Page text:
Endgames Case Report

Recurrent vomiting and lethargy in an infant—just another viral illness?

BMJ 2010; 341 doi: http://dx.doi.org/10.1136/bmj.c1037 (Published 04 August 2010) Cite this as: BMJ 2010;341:c1037
  1. J Cheung, foundation year 2 doctor1,
  2. M Sharrard, consultant paediatrician2,
  3. H Clements, consultant paediatrician1
  1. 1King’s Mill Hospital, Sutton in Ashfield, NG17 4JL
  2. 2Sheffield Children’s Hospital, Sheffield S10 2TH
  1. Correspondence to: J Cheung op_joy{at}yahoo.co.uk

    An 18 month old girl was admitted to hospital to be investigated for failure to thrive and developmental delay. She presented with a three day history of vomiting, poor fluid intake, and lethargy. She had no fever or associated diarrhoea. She had always been described as a “sickly” child and had often been admitted to hospital, where she was treated for “viral illness.” Her symptoms began at 1 month of age. She had frequent vomiting episodes with no obvious triggers. The episodes usually occurred shortly after feeds. Diarrhoea was sometimes present but she had no associated fever. She grew lethargic during and after these attacks and occasionally was irritable.

    The patient was unable to tolerate solid foods on weaning at age 4 months. Birth had been normal with no perinatal complications, and her immunisations were kept up to date. She reached her developmental milestones up to the age of 10-12 months and then failed to gain new developmental skills. Her weight dropped from the 50th centile at 12 months to below the 0.4th centile at 18 months. Similarly, her height dropped from the 50th centile to below the 9th centile at the same time. Baseline investigations were performed, and full blood count, urea, electrolytes, liver function, thyroid function, bone profile, immunoglobulins, urine dipstick, and stool culture were normal. Ammonia was 191 μmol/l and blood gas values on air were pH 7.4661, partial pressure of carbon dioxide 2.761, and partial pressure of oxygen 22.191.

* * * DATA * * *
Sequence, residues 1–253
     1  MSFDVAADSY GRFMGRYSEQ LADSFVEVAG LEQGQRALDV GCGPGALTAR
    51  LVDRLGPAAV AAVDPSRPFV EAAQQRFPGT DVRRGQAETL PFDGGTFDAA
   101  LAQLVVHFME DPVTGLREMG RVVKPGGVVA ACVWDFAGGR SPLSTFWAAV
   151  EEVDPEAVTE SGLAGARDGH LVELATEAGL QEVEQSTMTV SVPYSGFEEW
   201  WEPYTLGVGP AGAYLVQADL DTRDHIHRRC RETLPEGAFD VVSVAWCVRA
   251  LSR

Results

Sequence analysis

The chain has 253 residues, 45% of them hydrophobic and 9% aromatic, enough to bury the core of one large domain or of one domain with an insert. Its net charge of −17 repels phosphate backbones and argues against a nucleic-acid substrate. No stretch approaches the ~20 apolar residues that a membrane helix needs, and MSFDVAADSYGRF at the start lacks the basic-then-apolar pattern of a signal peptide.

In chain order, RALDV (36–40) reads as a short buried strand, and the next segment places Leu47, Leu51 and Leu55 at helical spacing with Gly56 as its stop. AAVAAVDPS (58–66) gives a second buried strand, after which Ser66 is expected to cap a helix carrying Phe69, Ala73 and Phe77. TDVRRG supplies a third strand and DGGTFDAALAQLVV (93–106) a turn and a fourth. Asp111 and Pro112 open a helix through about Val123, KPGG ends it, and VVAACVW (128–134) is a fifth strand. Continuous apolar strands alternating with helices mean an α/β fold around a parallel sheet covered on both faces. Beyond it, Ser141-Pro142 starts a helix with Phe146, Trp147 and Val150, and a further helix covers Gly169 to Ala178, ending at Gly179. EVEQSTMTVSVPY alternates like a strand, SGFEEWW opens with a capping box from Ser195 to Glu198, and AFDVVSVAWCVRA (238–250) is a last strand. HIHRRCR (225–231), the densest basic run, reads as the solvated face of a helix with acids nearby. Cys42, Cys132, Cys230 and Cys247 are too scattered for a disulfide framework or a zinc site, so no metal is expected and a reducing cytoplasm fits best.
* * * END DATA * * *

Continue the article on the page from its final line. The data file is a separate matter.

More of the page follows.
Questions

    • 1 What are the differential diagnoses in an infant with recurrent non-specific clinical features, unexplained developmental delay, and failure to thrive?

    • 2 What is the biochemical abnormality responsible for this clinical picture?

    • 3 What are the possible causes of this biochemical picture?

    • 4 How would you manage this condition?

    Answers

    1 What are the differential diagnoses in an infant with recurrent non-specific clinical features, unexplained developmental delay, and failure to thrive?

    Short answer

    The differential diagnoses are metabolic disorder, neglect, coeliac …

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